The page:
Epic Moments

I often participate in photo challenges, the site I usually play on is “Gurushots” (www.gurushots.com).  The site contains photo contests that caters to amateurs and professionals.  The contests include all sorts of categories and there are plenty going on at all times. 

One of the challenges I entered was called “Epic Moments” and this got me to thinking…what are considered “Epic Moments”?  Here are 3 of the images I sent in.

After reviewing the pictures in the challenge it appears epic moments are those times you look back on.  Were these images my most epic moments?  Not by a long shot.  They were memorial but not particularly epic.  This challenge helped me reflect on my epic moments,  the moment I tried to say “I do” to my wife and I said it with a cross between the traditional “I do” and a laugh of happiness…and it sounded like no!!  Another epic moment was the first time I held my daughter and hearing her squeak for the first time. 

I have had other epic moments and great moments, and will continue to have epic moments.  I now know that the actual epic moments happen at anywhere and anytime, and as such I now look to savor the moment, then reflect on how epic it is.


So here I am with an Emergency Medical Responder class on this particular day,  September 11, 2018. 

It has been 17 years since the fateful day that the world changed.  2 aircraft graphically struck and collapsed the twin towers, another struck the Pentagon and the passengers on a 4th aircraft did the ultimate sacrifice and brought the aircraft down before it could cause major damage.    In the aftermath borders were tightened, trust seemed to vanish and terrorism became a household word.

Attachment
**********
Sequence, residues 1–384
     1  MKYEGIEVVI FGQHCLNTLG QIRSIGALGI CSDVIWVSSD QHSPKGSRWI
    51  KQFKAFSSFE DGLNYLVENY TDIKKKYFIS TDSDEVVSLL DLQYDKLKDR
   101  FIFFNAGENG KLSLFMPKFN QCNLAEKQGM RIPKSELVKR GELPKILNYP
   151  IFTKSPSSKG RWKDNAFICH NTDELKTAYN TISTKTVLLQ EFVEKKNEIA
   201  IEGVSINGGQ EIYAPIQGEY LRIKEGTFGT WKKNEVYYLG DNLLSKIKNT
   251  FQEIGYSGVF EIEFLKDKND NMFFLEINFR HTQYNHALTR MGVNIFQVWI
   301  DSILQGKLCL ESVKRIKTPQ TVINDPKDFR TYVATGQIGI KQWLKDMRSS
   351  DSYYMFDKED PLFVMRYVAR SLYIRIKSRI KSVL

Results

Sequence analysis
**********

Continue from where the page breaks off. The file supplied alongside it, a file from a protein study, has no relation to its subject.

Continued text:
How to convey to the next generation of practitioners entering into the world of Emergency Medical Services the meaning of that day to all emergency services.  I remember the skies were empty of all but military and essential aircraft, even that night when I was called for a medevac and the pilots telling us that if we stray from our direct flight path we would be seen as a threat!!

In these 17 years  good emergency plans and the right people in the right place has never been more important.  In-spite of the changes in the world even on that day there were hero’s, both on ground zero, across the country and around the world.  Cities like Gander NFLD made room in their homes to take care of stranded travelers until the skies were opened and they could return home.

The new generation is training, learning the skills to treat those who have been affected by trauma or medical conditions.  Their world includes the now common word terrorism…let us hope that in their lifetime we can find peace.

“If we learn nothing else from this tragedy, we learn that life is short and there is no time for hate.” —Sandy Dahl, wife of Flight 93 pilot Jason Dahl